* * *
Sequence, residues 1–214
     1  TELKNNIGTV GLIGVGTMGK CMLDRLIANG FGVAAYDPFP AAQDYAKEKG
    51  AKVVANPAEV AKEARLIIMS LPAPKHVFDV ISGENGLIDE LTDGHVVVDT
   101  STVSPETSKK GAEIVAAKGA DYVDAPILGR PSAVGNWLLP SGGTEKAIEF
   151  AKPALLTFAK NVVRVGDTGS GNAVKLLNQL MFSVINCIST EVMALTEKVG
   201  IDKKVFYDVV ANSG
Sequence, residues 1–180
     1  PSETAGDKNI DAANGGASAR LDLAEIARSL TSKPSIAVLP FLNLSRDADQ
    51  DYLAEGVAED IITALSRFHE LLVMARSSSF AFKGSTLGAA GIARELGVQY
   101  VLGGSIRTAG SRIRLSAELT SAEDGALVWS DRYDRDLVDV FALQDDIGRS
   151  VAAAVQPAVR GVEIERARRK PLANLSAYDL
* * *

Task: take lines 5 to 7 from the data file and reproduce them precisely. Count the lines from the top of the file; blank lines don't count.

   151  AKPALLTFAK NVVRVGDTGS GNAVKLLNQL MFSVINCIST EVMALTEKVG
   201  IDKKVFYDVV ANSG
Sequence, residues 1–180